As an African American researcher my task is two-fold; I research my family, but inevitably I must also research the family of my ancestor’s slave holders if I want to know more about my roots. Often we must seek information (assistance) from those that we do not know to aid us on our journey. It is an unavoidable truth – the descendants of our ancestor’s slave holding families may hold the key to our enslaved ancestor’s past. Slavery is an ugly truth of our shared history. I am not angry with you because your ancestor held my ancestor as a slave; don’t be angry with me because I seek those records that may shed more light on the lives of my people, and help me to tell their story more completely. Some who were members of slave holding families assisted passengers along the Underground Railroad. I challenge you to be A Friend of Friends.

We, as researchers of our African American ancestry, must also remember to share, to care, to guide, and to assist our fellow researchers; reach out, take time….no, make time. Can you request and expect the assistance of others, yet not expect the same of yourself? I urge you to stop being selfish with your research. Don’t miss out on a connection or a long lost cousin because of fear or uncertainty. Post It, Blog It, Share It, and Publish It. Many who were passengers along the Underground Railroad returned to assist others on their journey to freedom. I challenge you to be A Friend of Friends.

True genealogists know all of this, and understand the necessity of it. Indeed, the concept is nothing new in the genealogy community. Random, and not so random, acts of kindness occur every day. So, consider this a wake-up call, my challenge to you. When a fellow researcher comes calling…for info…for guidance…for knowledge…for support – be there – to share, to care, to guide, and to assist.

KNOCK, KNOCK!?!

WHO GOES THERE?

A FRIEND OF FRIENDS

Standard
Taliaferro

2 March 2010: A Call To Action For African American Researchers

My friend Luckie Daniels of Our Georgia Roots, has written another thought provoking Monday Madness post, this time to the African American Genealogy Community – Madness Monday: The Digital Divide Revisited ~ Tough Love For The African-American Genealogy Community.  After commenting on Luckie’s post, I realized I had actually written my next post.  Yes, I could have let that suffice, but I felt I needed to show my support for and belief in Luckie’s position here on my blog.  So often, we sit back in the amen corner bowing our heads up and down in agreement, but never speak-up and take a stance. I wanted to echo Luckie’s sentiments. My comment to her did that, and posting it here reiterates it. There needs to be some serious changes in the African American genealogy community; those changes need to occur sooner, rather than later before we are standing in the shadows as the online genea-community moves forward.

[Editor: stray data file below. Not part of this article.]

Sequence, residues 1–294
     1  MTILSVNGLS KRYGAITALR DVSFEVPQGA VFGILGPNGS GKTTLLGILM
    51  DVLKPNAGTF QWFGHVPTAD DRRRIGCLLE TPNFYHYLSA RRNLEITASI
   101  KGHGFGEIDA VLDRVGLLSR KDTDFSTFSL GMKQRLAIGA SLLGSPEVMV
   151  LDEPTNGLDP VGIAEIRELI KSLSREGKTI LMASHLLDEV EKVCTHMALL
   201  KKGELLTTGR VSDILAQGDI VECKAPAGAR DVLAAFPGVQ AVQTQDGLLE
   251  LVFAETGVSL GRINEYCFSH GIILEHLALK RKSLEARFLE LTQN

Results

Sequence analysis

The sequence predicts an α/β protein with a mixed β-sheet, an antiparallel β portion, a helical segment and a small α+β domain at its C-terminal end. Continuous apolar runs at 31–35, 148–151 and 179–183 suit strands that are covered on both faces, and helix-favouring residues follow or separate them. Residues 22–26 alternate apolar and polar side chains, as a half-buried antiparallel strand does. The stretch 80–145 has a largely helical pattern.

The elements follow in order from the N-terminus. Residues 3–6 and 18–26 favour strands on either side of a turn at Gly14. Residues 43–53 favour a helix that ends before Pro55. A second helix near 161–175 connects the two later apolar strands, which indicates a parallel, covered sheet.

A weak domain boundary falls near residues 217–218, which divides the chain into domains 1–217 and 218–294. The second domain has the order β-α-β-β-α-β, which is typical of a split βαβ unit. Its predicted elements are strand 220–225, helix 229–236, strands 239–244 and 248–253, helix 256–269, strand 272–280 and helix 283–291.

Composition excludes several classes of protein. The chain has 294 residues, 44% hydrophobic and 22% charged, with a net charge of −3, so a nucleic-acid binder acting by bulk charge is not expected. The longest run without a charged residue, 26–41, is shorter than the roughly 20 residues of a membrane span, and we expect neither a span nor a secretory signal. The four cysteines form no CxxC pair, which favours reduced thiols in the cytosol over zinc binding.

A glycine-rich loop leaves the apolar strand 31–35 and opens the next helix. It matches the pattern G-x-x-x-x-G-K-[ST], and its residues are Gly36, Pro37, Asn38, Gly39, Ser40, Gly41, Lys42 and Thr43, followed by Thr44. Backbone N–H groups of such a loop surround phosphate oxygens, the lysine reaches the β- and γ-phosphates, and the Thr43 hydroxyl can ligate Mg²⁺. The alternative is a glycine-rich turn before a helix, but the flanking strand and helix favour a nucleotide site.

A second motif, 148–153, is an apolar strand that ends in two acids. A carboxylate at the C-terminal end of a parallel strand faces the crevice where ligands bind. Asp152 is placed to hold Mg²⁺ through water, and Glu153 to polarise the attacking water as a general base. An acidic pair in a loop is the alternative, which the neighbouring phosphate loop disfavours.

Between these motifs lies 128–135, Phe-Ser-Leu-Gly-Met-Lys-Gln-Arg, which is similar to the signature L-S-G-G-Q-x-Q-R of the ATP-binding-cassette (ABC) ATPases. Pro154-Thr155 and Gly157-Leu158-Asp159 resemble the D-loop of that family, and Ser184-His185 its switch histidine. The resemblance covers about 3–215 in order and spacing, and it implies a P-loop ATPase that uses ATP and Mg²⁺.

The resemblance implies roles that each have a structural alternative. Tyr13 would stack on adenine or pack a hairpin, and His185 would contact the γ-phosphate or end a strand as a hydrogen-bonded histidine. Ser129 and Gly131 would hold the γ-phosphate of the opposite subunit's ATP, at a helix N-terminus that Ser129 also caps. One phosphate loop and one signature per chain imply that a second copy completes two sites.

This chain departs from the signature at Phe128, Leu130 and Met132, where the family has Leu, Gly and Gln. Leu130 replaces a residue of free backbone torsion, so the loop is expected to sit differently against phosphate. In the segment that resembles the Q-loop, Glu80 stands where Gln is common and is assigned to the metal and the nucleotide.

Thank you Luckie for a very timely and long overdue post.  How sad it was to hear people who have been researching their family history for years stand up in a meeting and ask for help, but they are not on the internet, don’t like, won’t do it. There are so any resources out there, and many connections to make, but you won’t find them in your living room or in the archives.  Genealogy is changing, and the African American community of researchers must change with it. And, it’s not only in genealogy. As another comment so appropriately pointed out, we are missing a wealth of information and resources by not being a part of the online community. It is up to us to take advantage of what is there.

After Luckie’s post, Monday Madness: Open Letter To The Genealogy Community – Help Me To Understand!, many white researchers are now stepping up and sharing documents that might assist researchers in discovering more about their enslaved ancestors. The first Carnival of African American Genealogy is scheduled for March 19th. Look at all you’ve missed just in the last few weeks! How can you possibly take advantage of the opportunity to have access to documents that could help you make that long-awaited connection, or break down that brick wall, when you are not here-online and interacting with the genea-community?  How can you ask others to help you, when you won’t even help yourself? Luckie has issued a challenge, this time to the African American genealogy community. It is a call to action that I hope our fellow African American researchers will answer-SOON. Let’s not be left behind.

(Darn, you’re not online, so you probably won’t get to read this, or any of the other posts that geneabloggers are writing every day.  What a SHAME!!)

Standard
Taliaferro

15 January 2010: A Friend Of Friends: Lessons From The Underground Railroad

By sjtaliaferro